Opinion Writing: Exercise 13(p-194)
Advise Tactile Ltd whether it may be liable for the full extent of the damage.
I think Tactile Ltd have a good chance to limit the liability for any damage to $1000 subject to the validity of the exclusion clause. It seems that the company can rely on the exclusion clause in order to limit of damages, as its own wording there is clear restriction of liability caused by the negligence of the Tactile Ltd its servents or agents or otherwise.However, Lord Blunder will have to establish first there is a breach of contract due to the company’s bad workmanship.Although it is crucial to consider whether the damages primarily caused by the improper fixed canopy to the roof, if its in what extent.
Tactile Ltd liable for the extent of the damage:
Once it is established that the contract has been breached due to the company’s negligence only then will consider whether the clause provide a defence to breach of the obligation. It is clear that the clause is incorporated into the contract and is acknowledged by the both party. Certainly, the court would satisfy that the particular clause limiting the amount of damages is in truth an integral part of the contract and so lord Blunder intended to comply with the clause. Therefore, he would be bound by the clause as reasonable persons would assume to be no more than a receipt is an affront to common sense.
Blunder might raise the possible arguments that the improper fixing canopy to the roof is a fundamental breach. Therefore, the clause has no effect into the contract so the court would award the full damages which occurred by the negligence of the Tactile. Secondly, it can be argued that the clause is unreasonble therefore the company can not deny the damages in relying on the clause. Finally, the loss suffered by the negligence of the company is reasonably foreseeable.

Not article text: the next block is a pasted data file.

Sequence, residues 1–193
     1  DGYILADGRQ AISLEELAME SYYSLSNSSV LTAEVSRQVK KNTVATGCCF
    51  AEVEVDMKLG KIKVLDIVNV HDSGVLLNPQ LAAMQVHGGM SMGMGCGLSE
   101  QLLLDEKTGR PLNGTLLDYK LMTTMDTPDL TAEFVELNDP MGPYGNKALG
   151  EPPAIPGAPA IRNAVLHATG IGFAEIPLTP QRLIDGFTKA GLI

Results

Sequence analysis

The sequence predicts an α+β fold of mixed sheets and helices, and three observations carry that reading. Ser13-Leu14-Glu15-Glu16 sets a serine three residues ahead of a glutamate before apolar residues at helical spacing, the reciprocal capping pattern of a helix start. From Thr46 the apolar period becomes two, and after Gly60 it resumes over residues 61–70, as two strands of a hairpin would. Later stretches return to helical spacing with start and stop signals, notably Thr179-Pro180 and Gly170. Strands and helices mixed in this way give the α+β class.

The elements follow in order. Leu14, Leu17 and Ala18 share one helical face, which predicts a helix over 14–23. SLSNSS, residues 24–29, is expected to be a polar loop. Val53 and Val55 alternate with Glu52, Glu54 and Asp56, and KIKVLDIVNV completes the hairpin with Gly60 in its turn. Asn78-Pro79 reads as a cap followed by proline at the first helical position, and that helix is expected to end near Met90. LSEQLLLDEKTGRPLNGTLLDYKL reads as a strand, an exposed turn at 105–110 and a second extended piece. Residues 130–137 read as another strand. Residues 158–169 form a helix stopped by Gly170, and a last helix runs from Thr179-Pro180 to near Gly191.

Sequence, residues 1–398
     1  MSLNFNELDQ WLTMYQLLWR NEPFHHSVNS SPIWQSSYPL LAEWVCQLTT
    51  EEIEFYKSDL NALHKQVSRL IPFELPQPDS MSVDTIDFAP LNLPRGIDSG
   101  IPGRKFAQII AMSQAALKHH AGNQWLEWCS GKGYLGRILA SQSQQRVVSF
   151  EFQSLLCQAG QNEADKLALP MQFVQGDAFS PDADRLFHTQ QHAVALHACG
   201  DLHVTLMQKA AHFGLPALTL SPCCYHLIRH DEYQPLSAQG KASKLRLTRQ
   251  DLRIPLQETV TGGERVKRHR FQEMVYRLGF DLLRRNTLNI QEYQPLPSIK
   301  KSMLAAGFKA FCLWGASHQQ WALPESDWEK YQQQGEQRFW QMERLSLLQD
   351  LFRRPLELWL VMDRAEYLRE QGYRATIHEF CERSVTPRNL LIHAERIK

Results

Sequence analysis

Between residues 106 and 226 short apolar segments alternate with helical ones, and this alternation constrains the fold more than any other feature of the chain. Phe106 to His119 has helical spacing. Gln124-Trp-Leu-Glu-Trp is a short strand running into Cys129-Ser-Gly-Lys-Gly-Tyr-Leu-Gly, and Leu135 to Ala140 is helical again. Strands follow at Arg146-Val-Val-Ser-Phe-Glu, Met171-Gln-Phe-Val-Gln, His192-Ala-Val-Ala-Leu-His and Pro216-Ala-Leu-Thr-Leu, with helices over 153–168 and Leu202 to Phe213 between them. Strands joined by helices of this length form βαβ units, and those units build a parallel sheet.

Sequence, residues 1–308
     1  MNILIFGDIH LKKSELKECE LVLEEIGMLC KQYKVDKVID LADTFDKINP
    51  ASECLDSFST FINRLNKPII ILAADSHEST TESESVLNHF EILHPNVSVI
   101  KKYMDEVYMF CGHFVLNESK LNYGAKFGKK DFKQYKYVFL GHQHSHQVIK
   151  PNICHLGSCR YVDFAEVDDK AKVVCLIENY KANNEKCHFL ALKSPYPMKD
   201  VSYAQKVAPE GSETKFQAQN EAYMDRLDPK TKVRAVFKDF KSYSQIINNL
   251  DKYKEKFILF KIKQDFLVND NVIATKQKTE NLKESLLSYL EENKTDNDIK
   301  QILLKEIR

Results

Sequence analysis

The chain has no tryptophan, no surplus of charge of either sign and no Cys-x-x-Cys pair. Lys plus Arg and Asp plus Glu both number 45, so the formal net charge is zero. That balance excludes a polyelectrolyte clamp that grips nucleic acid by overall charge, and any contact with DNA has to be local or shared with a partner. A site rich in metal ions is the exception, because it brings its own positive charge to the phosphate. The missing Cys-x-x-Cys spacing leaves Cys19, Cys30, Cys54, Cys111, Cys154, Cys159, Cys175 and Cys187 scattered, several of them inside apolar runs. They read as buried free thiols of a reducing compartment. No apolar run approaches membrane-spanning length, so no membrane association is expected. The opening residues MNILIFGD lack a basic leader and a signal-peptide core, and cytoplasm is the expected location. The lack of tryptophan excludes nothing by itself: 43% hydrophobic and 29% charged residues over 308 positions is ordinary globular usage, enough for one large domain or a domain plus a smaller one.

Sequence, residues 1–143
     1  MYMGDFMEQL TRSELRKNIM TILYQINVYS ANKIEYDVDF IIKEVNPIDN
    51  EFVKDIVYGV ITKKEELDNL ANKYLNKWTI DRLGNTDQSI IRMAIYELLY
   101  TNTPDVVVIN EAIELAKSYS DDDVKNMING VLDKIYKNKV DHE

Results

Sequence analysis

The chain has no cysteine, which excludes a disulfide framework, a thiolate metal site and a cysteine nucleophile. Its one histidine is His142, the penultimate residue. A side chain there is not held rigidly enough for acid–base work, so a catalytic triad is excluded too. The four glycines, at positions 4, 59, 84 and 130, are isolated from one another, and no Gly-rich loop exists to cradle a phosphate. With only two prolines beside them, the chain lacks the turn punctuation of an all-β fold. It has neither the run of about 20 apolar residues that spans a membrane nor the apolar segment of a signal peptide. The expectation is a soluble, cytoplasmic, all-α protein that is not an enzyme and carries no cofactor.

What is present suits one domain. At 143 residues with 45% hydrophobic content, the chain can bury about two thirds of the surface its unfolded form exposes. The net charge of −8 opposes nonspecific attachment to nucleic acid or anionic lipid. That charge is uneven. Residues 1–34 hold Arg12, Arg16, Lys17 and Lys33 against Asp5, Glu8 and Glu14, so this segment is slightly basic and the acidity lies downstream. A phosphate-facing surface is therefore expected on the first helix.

I think there is a better chance that the court would impose a duty on the occupiers as the ramps were not reasonably painted and the Westbury District Council failed to put the proper sign at the entrance. Therefore, the damage is foreseeabe which gives rise to a duty of care because the relationship between the occupiers and Mr Nutt is such that it is obvious that a lack of care creates a risk of harm (by the law as one of ‘proximity’or ‘neighbourhood’).Clearly, the situation is one in which the court would consider it is fair, just and reasonable that the law should impose a duty as the duty of care has been broken.
The Liability of the Westbury District Council and the Duke of Westland:
The question is who will be liable and it depends on the degree of control of the Sandy Road. As a general rule, it would probably not be Duke of Westland who would be responsible for maintenance activities of the Sandy Road such as yellow painting on the ramps, where as if a visitor were to be injured because of a structural defect, then it would seem right that Duke of Westland responsible. Therefore, the court would likely impose duty on the Westbury District Council for Mr Nutt’s injuries due to breach of the occupiers duty under the Occupiers Liability Act 1957 or for negligence under the common law. Further, it seems that he is a visitor to the beach and so he has an implied invitation to be in the beach and the WDC therefore owes its common duty of care (set out in s2 ( 1) OLA1957.
WDC On the other hand might argue that the they do not have to insure the safety of the Mr Nutt, but only has to make him reasonably safe.They have posted notice(exclusion clause) at the entrance such as Max speed 20mph therefore he was aware of the vicinity of the danger also they did not extend his invitation with 55 mph so he is a trespasser.He therefore could have been contributory negligent, thus reducing any damages he may be awarded.